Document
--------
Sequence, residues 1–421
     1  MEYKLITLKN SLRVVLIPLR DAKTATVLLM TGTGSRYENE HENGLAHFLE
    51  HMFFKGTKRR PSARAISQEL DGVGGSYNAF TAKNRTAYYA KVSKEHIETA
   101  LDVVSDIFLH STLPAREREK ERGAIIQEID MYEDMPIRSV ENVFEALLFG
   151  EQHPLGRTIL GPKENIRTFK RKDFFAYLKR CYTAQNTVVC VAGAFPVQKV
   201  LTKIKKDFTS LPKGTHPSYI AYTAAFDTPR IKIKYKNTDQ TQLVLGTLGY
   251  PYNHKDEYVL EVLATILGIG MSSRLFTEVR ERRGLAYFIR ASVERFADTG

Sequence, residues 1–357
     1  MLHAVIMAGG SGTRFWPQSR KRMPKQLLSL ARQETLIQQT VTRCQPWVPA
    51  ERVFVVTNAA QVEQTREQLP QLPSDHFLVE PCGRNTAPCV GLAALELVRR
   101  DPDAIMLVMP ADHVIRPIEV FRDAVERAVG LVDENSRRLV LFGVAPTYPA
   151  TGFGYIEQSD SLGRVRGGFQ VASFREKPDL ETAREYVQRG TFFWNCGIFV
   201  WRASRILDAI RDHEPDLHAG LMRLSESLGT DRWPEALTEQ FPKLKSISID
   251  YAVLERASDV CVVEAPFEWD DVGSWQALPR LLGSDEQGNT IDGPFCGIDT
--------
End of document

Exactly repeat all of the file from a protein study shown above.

Sequence, residues 1–421
     1  MEYKLITLKN SLRVVLIPLR DAKTATVLLM TGTGSRYENE HENGLAHFLE
    51  HMFFKGTKRR PSARAISQEL DGVGGSYNAF TAKNRTAYYA KVSKEHIETA
   101  LDVVSDIFLH STLPAREREK ERGAIIQEID MYEDMPIRSV ENVFEALLFG
   151  EQHPLGRTIL GPKENIRTFK RKDFFAYLKR CYTAQNTVVC VAGAFPVQKV
   201  LTKIKKDFTS LPKGTHPSYI AYTAAFDTPR IKIKYKNTDQ TQLVLGTLGY
   251  PYNHKDEYVL EVLATILGIG MSSRLFTEVR ERRGLAYFIR ASVERFADTG

Sequence, residues 1–357
     1  MLHAVIMAGG SGTRFWPQSR KRMPKQLLSL ARQETLIQQT VTRCQPWVPA
    51  ERVFVVTNAA QVEQTREQLP QLPSDHFLVE PCGRNTAPCV GLAALELVRR
   101  DPDAIMLVMP ADHVIRPIEV FRDAVERAVG LVDENSRRLV LFGVAPTYPA
   151  TGFGYIEQSD SLGRVRGGFQ VASFREKPDL ETAREYVQRG TFFWNCGIFV
   201  WRASRILDAI RDHEPDLHAG LMRLSESLGT DRWPEALTEQ FPKLKSISID
   251  YAVLERASDV CVVEAPFEWD DVGSWQALPR LLGSDEQGNT IDGPFCGIDT